Yoga is a global culture and if you have decided to practice Yoga, you are part of a global movement towards wellness drawing from India’s glorious traditions of the past. The teachings of Yoga transcend racial, cultural and religious barriers. It’s deep and enduring value as a total and all-encompassing system for self development is being discovered by people from all cultures and from every part of the world.
Yoga is For Everyone
Yoga caters to all of humanity. From the time it was invented, it has always been adapted to suit the needs of societies from varied times, cultures and traditions. While the young have taken to Yoga to explore and develop their inherent potential, the sick and aged have taken to Yoga for healing and a more natural perspective on wellness and healing. Spiritualists have found in Yoga a system for liberating the mind from self-imposed bondage and suffering and to find peace at the feet of the Creator.
Before beginning the journey of Yoga, it is important to understand first that we human beings are basically a complex of inter-related systems viz. our anatomy, physiology and psychology which then exist within the ambit of a larger complex of interrelated systems which includes our interpersonal relationships and the environment. Since every gear in the machine is interrelated, there is a reciprocal relationship between the various structural components and the metabolic functioning of the body as a whole. Your body possesses an intrinsic organic wholeness and the key to good health lies in the balanced interaction of all these systems.
Why is it that some people around us always seem healthy while some are constantly in a state of mental and physical breakdown? You could say that it is genetics but though genetics does have a certain role to play in the way it influences our health, our well being is strongly influenced by our day-to-day activities. This means that however worse off we are in the genetic stakes so to speak, we have an opportunity by changing our actions to bring about positive changes in our minds and bodies.
Asana practice was developed as a means of purifying and restructuring the body and enabling stability, strength, flexibility, stillness and a sense of clarity and well-being. Since ancient times, the asanas have been defined with relatively precise forms. By mastering these forms, a person demonstrated mastery of certain basic principles of movement. It was also generally accepted that the ability to perform these asanas were based on an each individual’s actual condition. An individual’s ideal way of doing each posture was therefore worked out between student and teacher. So ultimately, the transformational value of a Yogic asana was always seen in relation to it’s function and not to it’s form.
Unfortunately the popular misconception amongst both students and teachers of Yoga in modern times, is that everyone must follow precise and fixed form of asanas to derive maximum value. Thus, too much emphasis has been placed on superficial details of positioning and the development of the body towards the direction of external preconceived notions of perfection. And the forms of yoga have been frozen into rigid static postures in which the living quality of the asana is lost.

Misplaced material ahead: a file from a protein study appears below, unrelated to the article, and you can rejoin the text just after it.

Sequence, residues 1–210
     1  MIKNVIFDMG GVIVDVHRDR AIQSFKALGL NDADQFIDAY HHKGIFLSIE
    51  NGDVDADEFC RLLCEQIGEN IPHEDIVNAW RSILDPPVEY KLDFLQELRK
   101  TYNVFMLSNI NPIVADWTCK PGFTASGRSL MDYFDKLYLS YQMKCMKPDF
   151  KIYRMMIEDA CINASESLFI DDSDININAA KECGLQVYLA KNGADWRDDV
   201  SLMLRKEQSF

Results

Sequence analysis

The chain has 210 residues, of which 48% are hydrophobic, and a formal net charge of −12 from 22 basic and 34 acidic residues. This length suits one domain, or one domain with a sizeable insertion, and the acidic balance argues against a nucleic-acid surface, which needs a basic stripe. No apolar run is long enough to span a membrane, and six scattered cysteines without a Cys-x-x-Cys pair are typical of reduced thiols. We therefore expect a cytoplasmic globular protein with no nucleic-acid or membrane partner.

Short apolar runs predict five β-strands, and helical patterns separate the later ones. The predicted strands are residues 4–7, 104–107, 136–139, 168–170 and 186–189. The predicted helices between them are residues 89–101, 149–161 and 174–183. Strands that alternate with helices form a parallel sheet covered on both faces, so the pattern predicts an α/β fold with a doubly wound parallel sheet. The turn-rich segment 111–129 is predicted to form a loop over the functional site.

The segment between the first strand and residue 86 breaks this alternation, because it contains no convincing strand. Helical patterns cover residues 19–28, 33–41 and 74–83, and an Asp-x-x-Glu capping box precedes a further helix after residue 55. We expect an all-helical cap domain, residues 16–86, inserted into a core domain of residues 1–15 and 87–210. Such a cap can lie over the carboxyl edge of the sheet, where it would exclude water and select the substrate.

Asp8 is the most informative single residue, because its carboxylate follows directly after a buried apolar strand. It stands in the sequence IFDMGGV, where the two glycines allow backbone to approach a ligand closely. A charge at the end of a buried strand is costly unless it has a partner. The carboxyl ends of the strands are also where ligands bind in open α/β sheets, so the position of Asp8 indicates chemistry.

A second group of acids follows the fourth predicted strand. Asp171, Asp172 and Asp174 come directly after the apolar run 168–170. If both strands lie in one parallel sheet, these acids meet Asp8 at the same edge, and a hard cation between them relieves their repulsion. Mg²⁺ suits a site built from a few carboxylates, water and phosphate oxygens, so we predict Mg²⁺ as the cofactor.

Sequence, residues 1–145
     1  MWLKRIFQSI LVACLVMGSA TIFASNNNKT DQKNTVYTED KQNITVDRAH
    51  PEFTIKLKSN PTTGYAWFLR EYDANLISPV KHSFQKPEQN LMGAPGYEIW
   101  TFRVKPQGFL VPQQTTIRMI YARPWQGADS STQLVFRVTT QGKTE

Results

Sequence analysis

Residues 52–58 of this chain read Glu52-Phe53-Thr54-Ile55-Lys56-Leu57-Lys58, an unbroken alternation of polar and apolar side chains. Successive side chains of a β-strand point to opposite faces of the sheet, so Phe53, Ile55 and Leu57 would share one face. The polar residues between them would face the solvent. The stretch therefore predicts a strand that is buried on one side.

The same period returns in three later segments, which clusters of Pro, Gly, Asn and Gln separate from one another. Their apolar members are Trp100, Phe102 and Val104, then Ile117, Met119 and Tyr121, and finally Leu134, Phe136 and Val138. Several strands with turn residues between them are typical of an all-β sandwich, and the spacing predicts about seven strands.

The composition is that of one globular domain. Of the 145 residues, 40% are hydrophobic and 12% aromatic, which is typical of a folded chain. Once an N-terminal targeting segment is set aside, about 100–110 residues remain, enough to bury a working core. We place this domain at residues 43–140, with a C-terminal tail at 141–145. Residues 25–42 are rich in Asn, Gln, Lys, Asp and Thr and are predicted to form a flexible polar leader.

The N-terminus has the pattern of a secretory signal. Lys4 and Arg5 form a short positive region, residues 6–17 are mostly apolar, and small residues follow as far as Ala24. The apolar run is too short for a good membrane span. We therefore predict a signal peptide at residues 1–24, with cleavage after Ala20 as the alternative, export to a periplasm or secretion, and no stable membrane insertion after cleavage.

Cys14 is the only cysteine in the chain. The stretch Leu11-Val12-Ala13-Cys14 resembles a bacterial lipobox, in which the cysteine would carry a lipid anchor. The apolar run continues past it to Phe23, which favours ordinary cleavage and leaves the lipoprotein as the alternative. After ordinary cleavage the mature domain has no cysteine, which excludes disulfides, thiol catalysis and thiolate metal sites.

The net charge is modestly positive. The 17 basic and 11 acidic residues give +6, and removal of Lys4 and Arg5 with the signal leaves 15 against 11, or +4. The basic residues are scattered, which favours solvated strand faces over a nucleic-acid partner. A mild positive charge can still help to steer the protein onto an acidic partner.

Yoga as Performance
Your asana practice must be adapted to your individual skeletal structure and muscular and organic functions. You must be able to evolve, on an individual basis while doing the asanas in a way that increases your own body’s movement potential. With most learned skills, the test is in the performance. This would involve going through the arduous learning phase to develop a skill, that with proper training, becomes refined and finally mastered. In sports or in music, the movements must come naturally, spontaneously and reflexively. If you have to think through the movements then obviously you are not a master yet!
In Yoga practice, the performance does not consist of simply striving to achieve perfection in executing the asanas; actually in a way it does not have much to do with the physical asana itself. In Yoga the performance is life itself. Asana practice is the learning phase of a generalized skill in movement and action. It arms you with the reflexes for efficient action in the game of life! Also developing skill in asana practice is not the same as for example, mastering one’s backhand in tennis. As you continue to evolve in your Yoga practice, do not be discouraged by difficulties that you may encounter with particular poses or sequences. It is the process and the your own understanding of how the process is working in you that matters.
So observe, learn and remember that there is no doubt that you can achieve proficiency in Yoga, regardless of your individual physical liabilities. Try and develop the potential for movement that is inherent in your body, without damaging or disrupting it’s natural order and integrity. You will begin to gradually realise that your body is transforming and moving towards greater balance, strength and flexibility. Also keep your mind and attitude eager and open to investigation, experimentation and discovery. This way your Yogasana practice will remain always alive and fresh!